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Found that I've always had an auto changeover regulator. Funny thing is, it's mounted backwards... I think. The side with the lever and red/green indicator is facing toward the camper instead of the hitch so it's not easy to look at. Leaving one tank shut off has always been good for me so never really gave it much thought until I saw this thread. Went out and contorted my body so I could see the back (or is it really the front) of the regulator and SURPRISE! I was thinking about turning it around, but it looks like the propane hose between the regulator and the camper is just a hair short.... guess that's why it's mounted the way that it is. Getting the regulator turned around would be more effort than continuing with keeping one tank shut off. I have to take a leak at least once every night anyway so will just kill two birds with one stone when I have to get up and manually switch propane tanks.
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Old 01-27-2023, 06:57 PM   #50
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If you leave both tanks open, you won't see the indicator turn red. That is, not until both tanks are empty. That is the point of keeping it in One Direction or the other. By the way, when it is on the right tank, and the right tank goes empty, the so-called automatic switch over will actually give you less gas at the burner. You may notice the difference, you may not. That's why people leave one bottle closed, so they can switch over and take The Empty Bottle Into town.
This would be wrong, Both tanks open, indicator turned to one tank; the indicator turns red when the tank pointed at runs out - not when both are empty. It DOES NOT wait until the second tank is empty. As far as giving less fuel, that is wrong as well unless you have a defective regulator. There is no reason, whatsoever, to leave a tank closed so you can find out in the middle of the night, at 10 degrees, in the rain/snow, that your tank ran out because you just wanted to do that to yourself. Checking the tank takes all of 10 seconds and if you are aware of your usage it is SO simple.
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Old 01-28-2023, 06:38 AM   #51
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What people have to understand is that the direction the indicator is pointing is the first bottle that needs to be opened. Otherwise you could end up with 2 empty tanks
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Old 01-28-2023, 08:16 AM   #52
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Originally Posted by atkinsb3 View Post
Found that I've always had an auto changeover regulator. Funny thing is, it's mounted backwards... I think. The side with the lever and red/green indicator is facing toward the camper instead of the hitch so it's not easy to look at. Leaving one tank shut off has always been good for me so never really gave it much thought until I saw this thread. Went out and contorted my body so I could see the back (or is it really the front) of the regulator and SURPRISE! I was thinking about turning it around, but it looks like the propane hose between the regulator and the camper is just a hair short.... guess that's why it's mounted the way that it is. Getting the regulator turned around would be more effort than continuing with keeping one tank shut off. I have to take a leak at least once every night anyway so will just kill two birds with one stone when I have to get up and manually switch propane tanks.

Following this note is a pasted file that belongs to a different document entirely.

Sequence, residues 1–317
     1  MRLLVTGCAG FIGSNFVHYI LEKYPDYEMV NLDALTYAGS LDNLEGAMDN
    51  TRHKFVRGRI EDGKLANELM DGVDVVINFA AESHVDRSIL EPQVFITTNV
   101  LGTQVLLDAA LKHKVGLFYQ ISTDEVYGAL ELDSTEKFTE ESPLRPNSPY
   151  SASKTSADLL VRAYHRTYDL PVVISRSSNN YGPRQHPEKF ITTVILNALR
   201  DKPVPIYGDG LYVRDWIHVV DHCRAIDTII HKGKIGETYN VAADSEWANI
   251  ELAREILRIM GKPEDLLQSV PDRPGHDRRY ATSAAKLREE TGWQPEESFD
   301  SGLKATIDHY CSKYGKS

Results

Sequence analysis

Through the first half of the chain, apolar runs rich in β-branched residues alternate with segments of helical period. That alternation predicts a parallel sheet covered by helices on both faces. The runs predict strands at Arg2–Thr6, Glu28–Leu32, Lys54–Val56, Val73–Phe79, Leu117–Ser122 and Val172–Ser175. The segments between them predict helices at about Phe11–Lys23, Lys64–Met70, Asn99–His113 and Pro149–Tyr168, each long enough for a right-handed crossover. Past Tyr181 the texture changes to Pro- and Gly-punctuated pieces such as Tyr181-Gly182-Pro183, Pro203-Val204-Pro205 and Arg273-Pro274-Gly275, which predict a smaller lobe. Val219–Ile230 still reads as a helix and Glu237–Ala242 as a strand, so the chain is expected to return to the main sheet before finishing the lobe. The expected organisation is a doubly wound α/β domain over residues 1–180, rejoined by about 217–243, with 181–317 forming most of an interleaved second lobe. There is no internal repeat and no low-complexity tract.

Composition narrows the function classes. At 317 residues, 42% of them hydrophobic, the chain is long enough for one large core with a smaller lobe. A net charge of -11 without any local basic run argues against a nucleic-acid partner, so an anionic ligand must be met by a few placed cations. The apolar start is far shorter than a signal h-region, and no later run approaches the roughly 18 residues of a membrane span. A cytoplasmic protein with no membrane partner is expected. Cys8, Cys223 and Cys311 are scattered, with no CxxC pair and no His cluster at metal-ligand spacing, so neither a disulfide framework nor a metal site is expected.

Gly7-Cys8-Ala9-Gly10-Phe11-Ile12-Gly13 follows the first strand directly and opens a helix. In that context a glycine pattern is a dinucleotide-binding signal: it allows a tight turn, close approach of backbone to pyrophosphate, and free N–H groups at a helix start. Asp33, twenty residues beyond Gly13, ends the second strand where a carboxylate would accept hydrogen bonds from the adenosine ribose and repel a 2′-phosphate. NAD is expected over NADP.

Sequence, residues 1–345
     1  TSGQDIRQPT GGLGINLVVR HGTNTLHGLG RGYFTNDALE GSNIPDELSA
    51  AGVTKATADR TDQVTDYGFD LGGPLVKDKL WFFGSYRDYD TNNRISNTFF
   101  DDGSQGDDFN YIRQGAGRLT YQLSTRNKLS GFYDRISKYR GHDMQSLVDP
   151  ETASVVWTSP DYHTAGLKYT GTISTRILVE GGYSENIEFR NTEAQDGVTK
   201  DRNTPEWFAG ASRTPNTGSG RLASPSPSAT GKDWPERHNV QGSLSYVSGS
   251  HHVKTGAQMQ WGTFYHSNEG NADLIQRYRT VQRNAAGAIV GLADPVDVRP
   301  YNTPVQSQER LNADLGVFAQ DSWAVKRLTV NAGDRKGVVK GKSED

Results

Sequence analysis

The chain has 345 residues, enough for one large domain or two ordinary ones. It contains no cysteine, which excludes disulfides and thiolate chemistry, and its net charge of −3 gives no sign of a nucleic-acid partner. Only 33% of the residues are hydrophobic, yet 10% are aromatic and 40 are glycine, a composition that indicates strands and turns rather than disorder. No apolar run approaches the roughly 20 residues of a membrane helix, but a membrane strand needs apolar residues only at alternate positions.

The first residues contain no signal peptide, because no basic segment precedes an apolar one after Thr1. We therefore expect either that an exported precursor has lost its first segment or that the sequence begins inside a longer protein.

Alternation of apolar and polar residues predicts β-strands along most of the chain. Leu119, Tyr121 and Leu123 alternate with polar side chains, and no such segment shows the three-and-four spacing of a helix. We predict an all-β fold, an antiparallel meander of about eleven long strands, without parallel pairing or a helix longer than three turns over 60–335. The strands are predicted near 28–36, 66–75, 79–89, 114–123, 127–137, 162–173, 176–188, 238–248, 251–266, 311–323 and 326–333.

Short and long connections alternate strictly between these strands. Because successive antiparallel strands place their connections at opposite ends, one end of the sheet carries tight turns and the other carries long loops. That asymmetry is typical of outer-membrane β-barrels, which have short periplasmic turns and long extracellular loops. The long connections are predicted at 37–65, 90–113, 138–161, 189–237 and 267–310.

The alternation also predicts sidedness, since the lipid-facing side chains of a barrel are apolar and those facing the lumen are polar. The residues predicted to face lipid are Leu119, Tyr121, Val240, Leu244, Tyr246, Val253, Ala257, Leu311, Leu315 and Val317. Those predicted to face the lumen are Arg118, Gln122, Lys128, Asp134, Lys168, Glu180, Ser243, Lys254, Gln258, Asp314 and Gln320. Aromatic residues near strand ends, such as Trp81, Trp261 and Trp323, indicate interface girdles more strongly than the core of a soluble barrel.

Couple of things in your comments!
If the hose is just barely long enough I'd recommend replacing it as it will eventually cracking its bent tightly & they come in various lengths.
If when the regulator switches automatically & you lose pressure it sounds like you need to replace the changeover regulator as well when you swap to longer hoses.
Whether you keep 1 or both tanks open is totally up to the user, but I also get up a couple times at night to take a whiz but I usually use the toilet, both tanks are already open, so no need to get dressed & go outside, so I guess I just kill one bird at a time.
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Old 01-30-2023, 07:34 AM   #53
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Yes. The local propane dealer, a guy who's been at it for over 30 years, says do not use the auto function, or you'll have both thanks empty. He is supposed to operate it manually, even though it switches over automatically. As a matter of safety, it's best to leave the auxiliary tank closed until you need it. I get up and go open the secondary tank, when we run out on the primary. It's basically walking 16 ft to do it.
I think that stems from the older dual tank regulators which did drain both tanks at the same time, they are different than a auto chang over. I have a 1991 camper in adition to my 5th wheel and it came with a dual regulator which I had to chage out for a auto changover. the only time a auto changover will drain both tanks is when it fails (my last one actualy failed so it would only use one side) or if you don't check it enough to catch it when it changes over.
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Old 01-30-2023, 07:36 AM   #54
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Some good info here. Im a first time Travel Trailer owner and will be setting up permeant for dry camping this coming spring. I just bought two 30 lbs tanks.

If your only using the propane for the fridge and only have one tank open then you may not realize its empty until all your food is warm?